Internet Culture Review is a great essay by Paul Ford about the history of internet utopianism and the recent uber-commercialization of the net. It is evident that Ford has thought a lot about this subject; he keeps things in perpective very well. A really fun and informative read.
Which reminds me, I've been meaning to start keeping track of the really good essays that I read online, and somehow distinguish them from the constant flow of links that comes through misnomer. Soon.
There are some interesting reactions to "Internet Culture Review" in the Metafilter discussion.
Short piece about e-books, also by Paul Ford, says in some detail what I've often said in discussions about screen-based publishing of any kind: If you try to make an eBook that is better at doing what a paperback does than a paperback itself, you're automatically going to fail. The only way that e-books will be compelling is if they offer something that is unique to the medium, and that becomes something that people want to have while reading. E-books in their current form are only interesting for people who want to have more than a couple books/texts available to them, and are willing to pay the price in clunky-ness.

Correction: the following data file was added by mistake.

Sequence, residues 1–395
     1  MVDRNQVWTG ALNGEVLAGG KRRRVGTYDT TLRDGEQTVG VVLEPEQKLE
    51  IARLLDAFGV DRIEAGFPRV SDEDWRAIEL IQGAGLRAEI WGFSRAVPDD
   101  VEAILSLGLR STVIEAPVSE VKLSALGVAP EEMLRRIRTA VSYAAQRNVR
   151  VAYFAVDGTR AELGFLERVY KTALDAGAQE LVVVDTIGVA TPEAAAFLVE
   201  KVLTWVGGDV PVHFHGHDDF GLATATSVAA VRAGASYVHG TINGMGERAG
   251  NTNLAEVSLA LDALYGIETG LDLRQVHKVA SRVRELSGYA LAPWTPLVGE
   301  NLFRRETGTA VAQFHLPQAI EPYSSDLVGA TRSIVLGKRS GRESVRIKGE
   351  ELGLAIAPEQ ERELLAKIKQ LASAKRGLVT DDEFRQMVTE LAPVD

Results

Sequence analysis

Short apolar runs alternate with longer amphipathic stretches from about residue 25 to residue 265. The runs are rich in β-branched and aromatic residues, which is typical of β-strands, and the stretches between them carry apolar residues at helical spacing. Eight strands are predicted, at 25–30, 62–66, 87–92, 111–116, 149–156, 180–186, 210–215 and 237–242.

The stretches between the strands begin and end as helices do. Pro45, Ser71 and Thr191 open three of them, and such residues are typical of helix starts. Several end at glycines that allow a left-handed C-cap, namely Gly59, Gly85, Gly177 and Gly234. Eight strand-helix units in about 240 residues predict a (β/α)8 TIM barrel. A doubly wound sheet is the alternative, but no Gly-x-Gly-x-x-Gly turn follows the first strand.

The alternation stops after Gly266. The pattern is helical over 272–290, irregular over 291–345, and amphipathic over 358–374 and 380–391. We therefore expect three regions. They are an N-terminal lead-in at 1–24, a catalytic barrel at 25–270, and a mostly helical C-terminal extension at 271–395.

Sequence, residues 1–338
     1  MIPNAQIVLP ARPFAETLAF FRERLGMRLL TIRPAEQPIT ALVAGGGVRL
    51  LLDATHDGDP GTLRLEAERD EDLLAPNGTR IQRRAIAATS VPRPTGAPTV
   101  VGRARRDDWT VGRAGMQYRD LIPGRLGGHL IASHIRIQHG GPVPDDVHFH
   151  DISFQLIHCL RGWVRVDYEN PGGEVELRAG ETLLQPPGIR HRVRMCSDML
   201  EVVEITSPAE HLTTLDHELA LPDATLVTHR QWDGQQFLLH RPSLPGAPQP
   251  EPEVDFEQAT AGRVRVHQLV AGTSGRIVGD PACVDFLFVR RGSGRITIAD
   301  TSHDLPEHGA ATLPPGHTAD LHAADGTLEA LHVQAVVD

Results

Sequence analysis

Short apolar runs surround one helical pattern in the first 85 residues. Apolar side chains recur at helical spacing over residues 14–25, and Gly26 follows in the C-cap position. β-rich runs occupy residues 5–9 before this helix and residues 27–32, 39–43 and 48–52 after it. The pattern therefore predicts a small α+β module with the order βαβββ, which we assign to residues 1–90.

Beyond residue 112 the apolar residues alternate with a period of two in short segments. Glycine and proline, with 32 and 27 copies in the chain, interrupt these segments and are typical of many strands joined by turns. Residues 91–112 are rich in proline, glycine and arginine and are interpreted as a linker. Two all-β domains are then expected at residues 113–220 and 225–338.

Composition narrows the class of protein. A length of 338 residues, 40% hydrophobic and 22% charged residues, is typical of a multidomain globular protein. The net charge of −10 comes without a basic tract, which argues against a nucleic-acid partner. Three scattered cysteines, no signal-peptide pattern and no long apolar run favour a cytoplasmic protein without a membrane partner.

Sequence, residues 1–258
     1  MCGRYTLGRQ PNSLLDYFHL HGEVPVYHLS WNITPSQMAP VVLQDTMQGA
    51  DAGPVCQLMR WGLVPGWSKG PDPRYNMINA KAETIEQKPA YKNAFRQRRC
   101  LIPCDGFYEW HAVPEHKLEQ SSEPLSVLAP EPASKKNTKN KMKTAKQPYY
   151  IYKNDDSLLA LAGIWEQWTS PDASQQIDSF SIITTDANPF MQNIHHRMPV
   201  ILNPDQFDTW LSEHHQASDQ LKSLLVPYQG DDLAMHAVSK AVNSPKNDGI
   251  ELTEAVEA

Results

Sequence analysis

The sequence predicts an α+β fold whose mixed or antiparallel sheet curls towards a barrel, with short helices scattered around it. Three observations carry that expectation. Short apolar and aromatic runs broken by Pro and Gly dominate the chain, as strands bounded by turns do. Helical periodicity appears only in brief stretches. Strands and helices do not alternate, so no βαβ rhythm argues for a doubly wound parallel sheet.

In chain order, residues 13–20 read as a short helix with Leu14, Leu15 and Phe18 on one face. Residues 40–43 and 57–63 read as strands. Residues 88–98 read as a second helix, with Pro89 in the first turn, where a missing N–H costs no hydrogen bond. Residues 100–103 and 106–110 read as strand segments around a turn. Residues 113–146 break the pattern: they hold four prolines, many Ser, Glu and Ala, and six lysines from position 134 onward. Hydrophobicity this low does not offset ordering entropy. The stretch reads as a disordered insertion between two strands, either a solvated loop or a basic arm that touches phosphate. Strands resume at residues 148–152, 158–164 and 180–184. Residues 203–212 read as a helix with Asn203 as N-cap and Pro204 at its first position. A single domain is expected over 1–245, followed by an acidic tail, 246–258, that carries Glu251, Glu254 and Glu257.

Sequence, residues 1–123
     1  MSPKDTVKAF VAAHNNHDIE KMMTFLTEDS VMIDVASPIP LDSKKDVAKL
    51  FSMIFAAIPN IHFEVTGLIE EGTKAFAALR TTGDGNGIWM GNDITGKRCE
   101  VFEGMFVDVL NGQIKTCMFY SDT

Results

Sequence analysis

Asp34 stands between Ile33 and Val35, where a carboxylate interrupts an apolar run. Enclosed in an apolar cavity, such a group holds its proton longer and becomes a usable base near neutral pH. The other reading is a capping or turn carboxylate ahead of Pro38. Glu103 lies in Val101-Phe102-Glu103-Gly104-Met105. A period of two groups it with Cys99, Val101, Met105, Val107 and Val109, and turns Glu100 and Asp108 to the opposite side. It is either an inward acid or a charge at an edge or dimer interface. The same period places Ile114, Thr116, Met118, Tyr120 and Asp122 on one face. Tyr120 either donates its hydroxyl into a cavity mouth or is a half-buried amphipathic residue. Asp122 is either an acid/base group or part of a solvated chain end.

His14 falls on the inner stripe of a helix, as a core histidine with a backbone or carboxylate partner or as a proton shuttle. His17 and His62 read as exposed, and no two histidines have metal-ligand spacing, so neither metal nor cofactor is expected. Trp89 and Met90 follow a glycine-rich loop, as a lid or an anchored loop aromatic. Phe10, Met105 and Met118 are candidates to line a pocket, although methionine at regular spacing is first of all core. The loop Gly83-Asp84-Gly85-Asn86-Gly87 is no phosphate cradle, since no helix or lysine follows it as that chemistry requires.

That's one of the reasons I bought a Palm Pilot - so that I could read longer texts that I found online without having to sit in front of my computer to do so. So far, it's been marginally successful. Translating and transferring files is reasonably fast, but takes a few minutes nonetheless, and the process requires too much technical expertise (cleaning up formatting in BBedit) to be ok for everyone.